As evidenced by the aftermath from a sudden flash flood in 2009, and the subsequent outpouring of local support and sentiment, there’s a personal interest for the many patrons who fill the library day in and day out in maintaining and improving its facilities, offerings, and events through contributions. The direct result for them? Visible, physical, and participatory returns on their investment – something that many donors in other capacities may not see. Their donations personally affect a positive outcome and they are, ultimately, doing something good through their donations.
The Library Foundation’s level of commitment and enthusiasm for their cause is infectious, and we were no exception. Focused on creating a sustained audience reach and engagement level, Mission Data’s designer and developers worked in-tandem to take on the challenges ahead while taking on the Library Foundation’s cause as their own! Go to the Library Foundation’s site now and you’ll see the result of various discussions between the designer, developers and client to create a more interactive and information-rich Library Foundation web presence and utilization of the social web. The site’s design is based almost entirely on that which has so strongly defined the library since its inception: being about and for the people. Where once was a site that existed strictly “for informational purposes only” now stands an online avenue for event promotion and registration, news promotion, online donation collection, and continuously-evolving social interaction. The ongoing results of our coordinated efforts will lead to increased donations, increased community interest and engagement, and, ultimately, continuously-improving offerings and services that last well into the future.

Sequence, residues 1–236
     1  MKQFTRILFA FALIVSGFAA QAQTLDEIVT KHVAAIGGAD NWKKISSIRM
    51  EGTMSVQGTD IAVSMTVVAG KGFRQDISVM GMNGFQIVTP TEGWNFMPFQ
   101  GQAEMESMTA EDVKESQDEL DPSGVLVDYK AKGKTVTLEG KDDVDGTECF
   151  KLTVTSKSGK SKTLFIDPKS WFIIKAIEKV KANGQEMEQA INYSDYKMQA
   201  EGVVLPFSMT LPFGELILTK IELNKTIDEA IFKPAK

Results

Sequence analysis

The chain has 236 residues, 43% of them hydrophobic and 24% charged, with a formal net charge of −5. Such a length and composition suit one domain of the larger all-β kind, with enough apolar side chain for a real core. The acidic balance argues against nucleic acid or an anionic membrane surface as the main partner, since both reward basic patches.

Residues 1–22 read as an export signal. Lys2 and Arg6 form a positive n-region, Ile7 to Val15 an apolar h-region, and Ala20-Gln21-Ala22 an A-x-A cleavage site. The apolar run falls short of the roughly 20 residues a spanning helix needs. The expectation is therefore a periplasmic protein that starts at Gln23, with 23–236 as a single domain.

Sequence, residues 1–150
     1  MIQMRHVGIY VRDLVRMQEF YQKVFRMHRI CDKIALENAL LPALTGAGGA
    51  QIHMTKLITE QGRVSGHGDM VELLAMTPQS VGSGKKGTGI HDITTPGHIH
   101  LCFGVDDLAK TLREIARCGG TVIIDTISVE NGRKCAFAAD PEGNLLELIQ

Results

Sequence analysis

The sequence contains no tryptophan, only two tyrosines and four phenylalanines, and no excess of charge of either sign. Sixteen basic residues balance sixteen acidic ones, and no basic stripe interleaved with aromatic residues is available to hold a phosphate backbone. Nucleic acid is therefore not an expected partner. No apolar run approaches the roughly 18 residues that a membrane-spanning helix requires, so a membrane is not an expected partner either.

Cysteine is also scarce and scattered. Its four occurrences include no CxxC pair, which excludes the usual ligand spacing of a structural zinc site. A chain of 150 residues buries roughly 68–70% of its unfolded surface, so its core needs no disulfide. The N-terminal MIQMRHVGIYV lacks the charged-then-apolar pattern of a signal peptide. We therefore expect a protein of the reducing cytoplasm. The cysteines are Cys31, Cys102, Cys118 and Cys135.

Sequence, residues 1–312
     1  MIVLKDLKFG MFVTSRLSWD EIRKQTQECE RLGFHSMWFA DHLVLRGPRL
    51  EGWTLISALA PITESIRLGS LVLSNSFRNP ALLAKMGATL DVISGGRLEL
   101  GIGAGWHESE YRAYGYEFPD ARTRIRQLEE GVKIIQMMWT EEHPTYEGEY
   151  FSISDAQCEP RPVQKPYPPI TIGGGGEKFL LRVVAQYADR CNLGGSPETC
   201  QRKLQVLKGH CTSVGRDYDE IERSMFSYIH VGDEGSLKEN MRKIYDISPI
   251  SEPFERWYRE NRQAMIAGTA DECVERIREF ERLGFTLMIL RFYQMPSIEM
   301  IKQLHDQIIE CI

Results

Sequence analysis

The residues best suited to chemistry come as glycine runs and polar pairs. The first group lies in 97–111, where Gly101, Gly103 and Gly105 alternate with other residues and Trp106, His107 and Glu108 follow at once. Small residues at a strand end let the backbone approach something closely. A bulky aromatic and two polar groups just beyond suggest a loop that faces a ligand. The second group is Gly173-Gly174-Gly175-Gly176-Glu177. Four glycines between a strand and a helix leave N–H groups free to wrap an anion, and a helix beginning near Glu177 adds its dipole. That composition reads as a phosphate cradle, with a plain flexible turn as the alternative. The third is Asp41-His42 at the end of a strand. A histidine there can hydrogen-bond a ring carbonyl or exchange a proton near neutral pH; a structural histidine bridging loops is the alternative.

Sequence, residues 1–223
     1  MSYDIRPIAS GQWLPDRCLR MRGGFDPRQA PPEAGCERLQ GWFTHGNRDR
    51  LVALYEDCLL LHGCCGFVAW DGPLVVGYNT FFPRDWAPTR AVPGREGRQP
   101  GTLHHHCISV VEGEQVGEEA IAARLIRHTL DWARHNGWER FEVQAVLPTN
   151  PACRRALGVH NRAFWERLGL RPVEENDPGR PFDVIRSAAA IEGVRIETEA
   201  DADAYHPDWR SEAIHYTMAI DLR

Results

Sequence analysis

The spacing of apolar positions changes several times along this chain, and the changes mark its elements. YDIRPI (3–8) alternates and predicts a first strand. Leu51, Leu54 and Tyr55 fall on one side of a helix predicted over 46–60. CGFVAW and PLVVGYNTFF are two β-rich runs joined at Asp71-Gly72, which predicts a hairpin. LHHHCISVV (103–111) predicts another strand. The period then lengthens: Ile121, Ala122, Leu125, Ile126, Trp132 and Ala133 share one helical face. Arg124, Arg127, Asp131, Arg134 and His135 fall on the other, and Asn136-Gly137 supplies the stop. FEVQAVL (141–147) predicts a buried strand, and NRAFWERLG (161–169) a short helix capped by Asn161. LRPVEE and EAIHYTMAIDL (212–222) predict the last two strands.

In a time when we ARE experiencing an economic downturn and hardships, libraries are actually SPURRING economic investment thanks to available resources, helping people find jobs, and providing budget-friendly education and entertainment options for individuals and families where many places are not. So, to the doomsayers out there, the Library Foundation has something to say to you. When the dust clears, it may be the book worms that fare the best of all.
For more information, visit the Library Foundation or contact them online, by phone (502-574-1654) or by
fax (502-574-1734). And, if you’re feeling especially generous, please take a moment to read this article and then donate to, what we feel, is one of the best types of causes.